Mimi Neuhaus was a married mother of two young children with no sales experience when she sold her first house on Staten Island for $100,000 in 1969. At 72, the real estate veteran has come a long way. Her most recent sales include a $3.6 million home in Bay Ridge and a $1.6 million property in Todt Hill, Staten Island’s most affluent neighborhood.
“I sold the first house I showed and I haven’t stopped since,” said Neuhaus, owner of Neuhaus Realty, which has grown to three offices on Staten Island, Brooklyn and New Jersey. Combined, they had 800 transactions in 2013. Neuhaus was a founding member of the Staten Island Board of Realtors and still serves as the director of its Multiple Listing Service.
Neuhaus said her inspiration for real estate came from her mother, who in 1946 was a single parent and the first woman on Staten Island to receive a mortgage from the former Staten Island Savings Bank, which she used to purchase a two-family home.
Robert Von Ancken
The challenge to be ironclad when it comes to appraising properties is what appeals to 74-year-old Robert Von Ancken, chairman of Landauer Valuation & Advisory, a division of Newmark Grubb Knight Frank. Within the last year, he completed 15 appraisals, putting his total at more than 8,000 throughout his over 45-year career, among them for icons such as the Empire State Building, the Chrysler Building and Rockefeller Center. He is also noted for establishing the value of the World Trade Center, prior to the terrorist attacks, on behalf of the insurance companies, and for more than 500 appearances as an expert witness in a variety of disputes.
More recent projects include the new Fulton Street subway station in Manhattan for the Metropolitan Transportation Authority and the Barclays Center in Brooklyn for Forest City Ratner.
He describes his career as “active as ever,” given the demands of the field.
“Market data must be flawless and stand up to a detailed scrutiny of a judge,” said Von Ancken. “It demands your best for every case.”
Sidney Rosenthal says the only way his career will end is if “they take me out feet first.” A principal and executive managing director for Lee & Associates, Rosenthal, 80, has had a long and varied career. He’s assembled more than 30 building sites in Manhattan, including for 9 West 57th Street, which has some of the highest asking rents in Manhattan, as well as for the Sony Building and Park Avenue Tower.
He’s also represented Meyers Brothers Parking Corporation and Kinney Parking as a consultant for site locations and acquisitions.
Most recently, Rosenthal sold two parking garages on the Upper East Side — a total of 235,000 square feet at a cost of $75 million — to two private schools that plan to expand on those sites. “I’ve done it all,” he said.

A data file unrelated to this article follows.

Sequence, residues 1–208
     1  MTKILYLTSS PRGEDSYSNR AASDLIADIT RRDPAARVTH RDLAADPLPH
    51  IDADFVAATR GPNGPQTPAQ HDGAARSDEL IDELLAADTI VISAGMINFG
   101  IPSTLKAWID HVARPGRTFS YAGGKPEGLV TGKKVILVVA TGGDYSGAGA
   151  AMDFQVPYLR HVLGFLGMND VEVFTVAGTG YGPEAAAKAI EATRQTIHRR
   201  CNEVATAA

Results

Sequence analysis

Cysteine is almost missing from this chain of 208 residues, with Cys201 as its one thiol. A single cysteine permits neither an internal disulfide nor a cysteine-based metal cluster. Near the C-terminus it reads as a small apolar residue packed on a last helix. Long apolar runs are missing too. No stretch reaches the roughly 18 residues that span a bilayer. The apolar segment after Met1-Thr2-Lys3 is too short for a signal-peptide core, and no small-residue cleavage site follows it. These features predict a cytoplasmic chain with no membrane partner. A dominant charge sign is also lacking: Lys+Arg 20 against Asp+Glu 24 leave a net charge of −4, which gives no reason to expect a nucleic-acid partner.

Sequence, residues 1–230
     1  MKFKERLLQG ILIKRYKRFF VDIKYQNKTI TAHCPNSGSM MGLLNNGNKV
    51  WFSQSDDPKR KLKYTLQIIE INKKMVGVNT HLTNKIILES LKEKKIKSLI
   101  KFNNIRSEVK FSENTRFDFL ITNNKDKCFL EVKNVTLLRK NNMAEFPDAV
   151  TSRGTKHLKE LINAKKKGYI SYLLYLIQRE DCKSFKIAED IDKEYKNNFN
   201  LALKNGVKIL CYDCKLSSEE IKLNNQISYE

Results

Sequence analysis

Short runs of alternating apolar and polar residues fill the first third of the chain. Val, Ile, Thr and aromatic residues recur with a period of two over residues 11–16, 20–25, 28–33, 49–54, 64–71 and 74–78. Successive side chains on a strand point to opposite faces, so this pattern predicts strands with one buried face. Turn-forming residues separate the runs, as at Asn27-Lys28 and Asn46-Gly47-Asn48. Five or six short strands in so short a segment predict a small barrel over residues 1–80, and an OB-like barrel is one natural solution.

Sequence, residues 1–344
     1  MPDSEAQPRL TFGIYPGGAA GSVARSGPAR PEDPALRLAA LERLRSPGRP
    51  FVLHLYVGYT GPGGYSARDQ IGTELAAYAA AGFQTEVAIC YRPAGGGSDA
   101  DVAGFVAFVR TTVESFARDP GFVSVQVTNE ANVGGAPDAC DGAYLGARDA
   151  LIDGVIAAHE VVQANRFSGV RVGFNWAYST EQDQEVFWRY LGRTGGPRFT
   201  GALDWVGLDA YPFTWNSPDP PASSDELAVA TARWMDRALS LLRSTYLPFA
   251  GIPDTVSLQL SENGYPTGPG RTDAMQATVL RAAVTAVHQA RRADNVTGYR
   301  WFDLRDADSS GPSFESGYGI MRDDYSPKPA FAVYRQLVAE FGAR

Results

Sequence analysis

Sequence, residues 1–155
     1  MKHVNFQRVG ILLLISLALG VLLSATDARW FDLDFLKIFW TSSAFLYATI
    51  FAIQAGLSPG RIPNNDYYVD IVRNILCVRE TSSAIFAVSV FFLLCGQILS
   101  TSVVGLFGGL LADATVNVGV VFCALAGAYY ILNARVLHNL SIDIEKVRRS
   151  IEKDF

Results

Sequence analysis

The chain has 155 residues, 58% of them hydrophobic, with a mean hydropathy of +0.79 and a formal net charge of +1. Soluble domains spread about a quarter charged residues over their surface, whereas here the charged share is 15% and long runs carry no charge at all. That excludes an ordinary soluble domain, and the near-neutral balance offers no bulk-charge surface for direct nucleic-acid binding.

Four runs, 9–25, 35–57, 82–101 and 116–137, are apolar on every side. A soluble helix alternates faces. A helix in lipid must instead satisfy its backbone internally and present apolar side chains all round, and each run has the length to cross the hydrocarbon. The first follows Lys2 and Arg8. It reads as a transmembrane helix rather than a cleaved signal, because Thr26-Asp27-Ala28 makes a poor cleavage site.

Other major transactions include the $17.5 million sale of a 8,600-square-foot mansion on Beekman Place to the government of Luxembourg in 2008, and the marketing of a site at 871 UN Plaza to the government of Germany. The result was an arrangement whereby the site owners sold the land to the German government and built a 100,000-square-foot building to house the German embassy and consulate.
Jerome Haims, 80, opened Jerome Haims Realty Inc. in 1968. The real estate appraiser and consultant often values properties on behalf of city and state government agencies. Among the most recent cases in the more than 5,000 he’s prepared are the expansion of Penn Station, which began two years ago, the Queens West project and most recently Hudson Yards, the $15 billion, 15-structure mini-city rising on 360 acres on Manhattan’s West Side, for which Haims represented the MTA.
What has piqued his interest most throughout his 45-year career? Defending his findings in court.
“It’s stimulating and gets your competitive juices flowing when you’re up against an opposing appraiser who has a differing viewpoint,” Haims said.
Now his son Eric is following in his footsteps, serving as senior vice president of the firm. But Haims is not yet ready to give up his chair as president.
“Why would I want to sit home?” Haims said. “I have it all right here.”
Correction: In an earlier version of this story TRD inaccurately stated the number or air rights Robert Shapiro has been involved in selling, the time period those sales took place and the developers he worked with in that period. He has been involved in the sale of more than 1.5 million square feet of air rights in the last decade. And, throughout his career has worked for major players like Harry Macklowe, Host Marriott and the Zeckendorfs.